TOP 10 – Debut Review
Our Run Down of Recent Comic Book Debuts! We’ll leave the time on this open as sometimes recent for someone can mean three months ago. Our reading schedule gets pushed constantly and there’s usually a good 15 or more books in our “to read” stack at any given time. So take the ‘recent’ with a little bit of salt and hopefully enjoy our take on debut issues that we felt really worked, and launched titles in a manner that sets them up for success. We’ll try to hit these books before they’ve had more than 3 issues hit the stands.
-Bone Parish (Cullen Bunn – Boom!) This is a novel take. Turf wars among drug gangs is a tried and true methodology, sure. However, Cullen does what he does best and introduces that supernatural/horror element and twists the narrative. In Bone Parish we get this by way of a new drug … the bone powder of the deceased. Yup, snorting dead folks is the new high. Now, there’s PLENTY to explore with this and in the first couple of issues we’ve got several threads running. Excellent start to an excellent new approach to something we thought we knew.
-Dead Rabbit (Gerry Duggan – Image) I picked it up on a whim. Crime, beat ’em up, love story … all sorts of classic bullet points are sprinkled in the solicit. In the vein of the anti-hero that has become a staple in comics, this book does a fantastic job of bringing across a very important point first and foremost. Why? Why should you care about our ‘hero’ and the motivations he’s got for doing what he’s doing. It doesn’t break through all sorts of barriers and then go back and justify them or paint the picture differently. Instead, the first issue makes everything real first while setting up the mask our ‘hero’ wears. That is what makes the anti-hero work. You’ve got to care and believe who the person behind the actions actually is. We’ve been shown that first with this book. That makes me care about where it goes.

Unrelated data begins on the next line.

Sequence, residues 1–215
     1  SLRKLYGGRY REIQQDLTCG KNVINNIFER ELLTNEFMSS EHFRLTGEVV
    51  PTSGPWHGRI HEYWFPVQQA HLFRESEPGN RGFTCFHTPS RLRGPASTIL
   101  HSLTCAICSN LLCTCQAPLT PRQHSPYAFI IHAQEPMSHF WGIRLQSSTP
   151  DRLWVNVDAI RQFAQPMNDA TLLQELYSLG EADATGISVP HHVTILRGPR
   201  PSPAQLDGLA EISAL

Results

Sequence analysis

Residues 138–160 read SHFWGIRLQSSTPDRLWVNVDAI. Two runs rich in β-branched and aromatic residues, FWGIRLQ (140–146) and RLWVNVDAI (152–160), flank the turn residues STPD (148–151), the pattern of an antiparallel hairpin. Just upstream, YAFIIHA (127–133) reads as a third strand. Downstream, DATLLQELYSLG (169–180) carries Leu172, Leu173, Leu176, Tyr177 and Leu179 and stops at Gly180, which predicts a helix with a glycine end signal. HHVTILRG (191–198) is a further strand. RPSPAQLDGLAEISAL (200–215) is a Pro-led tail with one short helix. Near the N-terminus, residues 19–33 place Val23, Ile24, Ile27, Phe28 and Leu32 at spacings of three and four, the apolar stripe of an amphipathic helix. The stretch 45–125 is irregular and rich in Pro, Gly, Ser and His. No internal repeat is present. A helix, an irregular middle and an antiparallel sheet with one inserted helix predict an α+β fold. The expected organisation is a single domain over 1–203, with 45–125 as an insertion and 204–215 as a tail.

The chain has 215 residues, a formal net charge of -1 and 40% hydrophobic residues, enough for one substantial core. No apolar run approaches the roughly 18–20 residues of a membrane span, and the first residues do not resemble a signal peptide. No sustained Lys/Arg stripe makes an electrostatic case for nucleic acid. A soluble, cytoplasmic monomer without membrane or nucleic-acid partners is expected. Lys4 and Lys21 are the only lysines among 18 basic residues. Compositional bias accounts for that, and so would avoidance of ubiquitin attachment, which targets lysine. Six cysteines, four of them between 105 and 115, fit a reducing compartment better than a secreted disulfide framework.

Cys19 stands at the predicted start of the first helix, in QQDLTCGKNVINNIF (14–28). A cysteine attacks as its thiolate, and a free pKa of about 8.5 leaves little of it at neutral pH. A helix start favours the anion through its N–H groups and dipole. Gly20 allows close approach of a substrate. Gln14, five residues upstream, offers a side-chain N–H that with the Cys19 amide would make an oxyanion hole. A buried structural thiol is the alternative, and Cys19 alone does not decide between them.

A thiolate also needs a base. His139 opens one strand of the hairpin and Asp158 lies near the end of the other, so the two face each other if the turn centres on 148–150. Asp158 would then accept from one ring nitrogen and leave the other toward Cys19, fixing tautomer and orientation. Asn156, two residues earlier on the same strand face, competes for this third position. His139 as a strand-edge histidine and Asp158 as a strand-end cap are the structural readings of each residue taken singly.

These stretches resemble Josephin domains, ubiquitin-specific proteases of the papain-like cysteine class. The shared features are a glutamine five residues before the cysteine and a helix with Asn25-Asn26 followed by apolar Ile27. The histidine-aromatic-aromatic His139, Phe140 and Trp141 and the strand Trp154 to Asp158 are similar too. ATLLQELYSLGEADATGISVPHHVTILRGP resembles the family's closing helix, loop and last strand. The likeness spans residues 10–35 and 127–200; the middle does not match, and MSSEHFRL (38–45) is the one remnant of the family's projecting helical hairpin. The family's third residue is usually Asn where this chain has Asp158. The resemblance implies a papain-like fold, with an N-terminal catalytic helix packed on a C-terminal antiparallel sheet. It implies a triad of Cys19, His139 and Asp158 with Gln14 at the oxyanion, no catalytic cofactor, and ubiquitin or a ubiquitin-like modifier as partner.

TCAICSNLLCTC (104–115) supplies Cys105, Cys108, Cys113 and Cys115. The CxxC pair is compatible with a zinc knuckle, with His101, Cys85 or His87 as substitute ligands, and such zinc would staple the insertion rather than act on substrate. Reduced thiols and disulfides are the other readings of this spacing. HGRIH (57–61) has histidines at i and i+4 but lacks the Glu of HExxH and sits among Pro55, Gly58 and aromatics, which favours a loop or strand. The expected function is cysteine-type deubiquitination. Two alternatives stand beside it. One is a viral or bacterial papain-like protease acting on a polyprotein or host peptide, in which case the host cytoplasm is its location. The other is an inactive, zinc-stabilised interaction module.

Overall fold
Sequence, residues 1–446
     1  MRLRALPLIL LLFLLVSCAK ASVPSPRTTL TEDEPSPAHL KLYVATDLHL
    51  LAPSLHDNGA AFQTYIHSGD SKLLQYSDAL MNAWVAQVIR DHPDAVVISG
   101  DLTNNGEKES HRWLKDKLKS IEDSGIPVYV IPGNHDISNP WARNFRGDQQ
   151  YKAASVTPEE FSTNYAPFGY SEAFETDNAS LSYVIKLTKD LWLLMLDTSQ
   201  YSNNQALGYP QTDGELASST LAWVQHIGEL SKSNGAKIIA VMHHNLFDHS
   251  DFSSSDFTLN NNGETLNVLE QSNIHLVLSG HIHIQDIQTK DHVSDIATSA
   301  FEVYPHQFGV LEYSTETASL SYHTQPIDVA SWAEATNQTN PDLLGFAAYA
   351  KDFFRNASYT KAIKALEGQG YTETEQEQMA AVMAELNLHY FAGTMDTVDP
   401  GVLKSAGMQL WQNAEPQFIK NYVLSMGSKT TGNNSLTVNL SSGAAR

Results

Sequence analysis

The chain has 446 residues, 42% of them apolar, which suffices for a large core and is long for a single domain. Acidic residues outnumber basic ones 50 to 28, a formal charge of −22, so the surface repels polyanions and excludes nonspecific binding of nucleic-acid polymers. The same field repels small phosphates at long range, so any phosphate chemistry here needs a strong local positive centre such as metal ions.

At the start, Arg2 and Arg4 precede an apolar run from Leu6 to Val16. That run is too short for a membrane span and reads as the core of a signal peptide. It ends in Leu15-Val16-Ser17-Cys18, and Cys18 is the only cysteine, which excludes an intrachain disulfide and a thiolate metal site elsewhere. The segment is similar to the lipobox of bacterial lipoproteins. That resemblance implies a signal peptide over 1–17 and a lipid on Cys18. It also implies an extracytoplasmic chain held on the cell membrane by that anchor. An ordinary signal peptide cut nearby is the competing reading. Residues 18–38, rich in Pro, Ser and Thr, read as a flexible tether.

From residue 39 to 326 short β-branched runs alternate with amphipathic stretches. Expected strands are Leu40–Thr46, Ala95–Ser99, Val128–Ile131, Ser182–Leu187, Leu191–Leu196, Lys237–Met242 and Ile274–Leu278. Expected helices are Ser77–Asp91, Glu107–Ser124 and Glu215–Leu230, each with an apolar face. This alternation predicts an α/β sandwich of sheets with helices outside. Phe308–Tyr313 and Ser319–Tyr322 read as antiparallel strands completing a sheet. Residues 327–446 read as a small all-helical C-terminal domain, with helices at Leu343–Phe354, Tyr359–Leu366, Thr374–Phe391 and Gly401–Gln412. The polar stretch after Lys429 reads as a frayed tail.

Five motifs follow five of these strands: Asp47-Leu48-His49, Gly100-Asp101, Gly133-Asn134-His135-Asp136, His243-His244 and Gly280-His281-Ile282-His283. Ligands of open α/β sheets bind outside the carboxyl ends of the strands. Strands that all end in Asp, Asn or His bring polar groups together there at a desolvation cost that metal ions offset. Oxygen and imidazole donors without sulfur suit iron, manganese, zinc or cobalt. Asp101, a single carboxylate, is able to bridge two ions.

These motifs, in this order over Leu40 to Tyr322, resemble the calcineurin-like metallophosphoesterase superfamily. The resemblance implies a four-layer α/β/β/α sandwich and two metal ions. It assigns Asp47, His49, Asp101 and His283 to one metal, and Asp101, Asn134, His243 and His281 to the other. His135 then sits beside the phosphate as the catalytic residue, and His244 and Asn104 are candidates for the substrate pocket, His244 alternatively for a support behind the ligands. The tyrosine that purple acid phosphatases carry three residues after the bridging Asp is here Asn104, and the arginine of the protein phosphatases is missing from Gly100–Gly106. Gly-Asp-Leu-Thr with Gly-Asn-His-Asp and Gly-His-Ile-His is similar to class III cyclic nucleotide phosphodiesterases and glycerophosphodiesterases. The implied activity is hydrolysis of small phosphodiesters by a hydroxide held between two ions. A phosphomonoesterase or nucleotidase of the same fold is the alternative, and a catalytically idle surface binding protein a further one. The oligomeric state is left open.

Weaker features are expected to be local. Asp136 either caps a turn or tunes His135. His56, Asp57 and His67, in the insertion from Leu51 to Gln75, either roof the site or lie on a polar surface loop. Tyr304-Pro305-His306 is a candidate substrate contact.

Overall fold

-Death Orb (Ryan Ferrier – Dark Horse) Yeah it’s a post-apocalyptic setting. See though, we’re given frantic over the top action right from the get go as we learn that our main man is searching for his pregnant wife. I mean I’d be a damned honey badger/tasmanian devil combo if something had happened to my pregnant wife. What I love best is that the book has a style all its own while tipping a cap to the popular culture same settings that have come before. This book takes off running and gives us what we need to follow along. I love new within the old, and this book is primed to give me that. -Euthanauts (Tini Howard – Black Crown) What a wonderful premise. This book takes a delicate and embracing approach to the finality we’ll all realize at some point. Death. It sucks, for the living, but the holding hands with it and ALL it is that this books is doing is almost refreshing. It is unreal just how real everything about this book looks and feels. If I didn’t know better I’d think I was engaging in both an inner question and answer session with my conscious as well as a conversation with someone that knows me as well as I do myself. Right now it seems that the answers to the questions will work against each other. I’m going to find out though.
-Fearscape (Ryan O’Sullivan – Vault) A slow burn is an effective device when done properly. It’s even better when managed in a fashion not typical to what you expect from such an approach. The exposition is heavy BUT it’s beyond effective as it grabs you and pulls you into the narrative. Henry Henry is a dick. He’s about to really screw things up for everyone too. The opening salvo is a slow burn that burns brightly and manages to provide the eyebrow raising and inquisitive thoughts about everything that inhabits the Fearscape.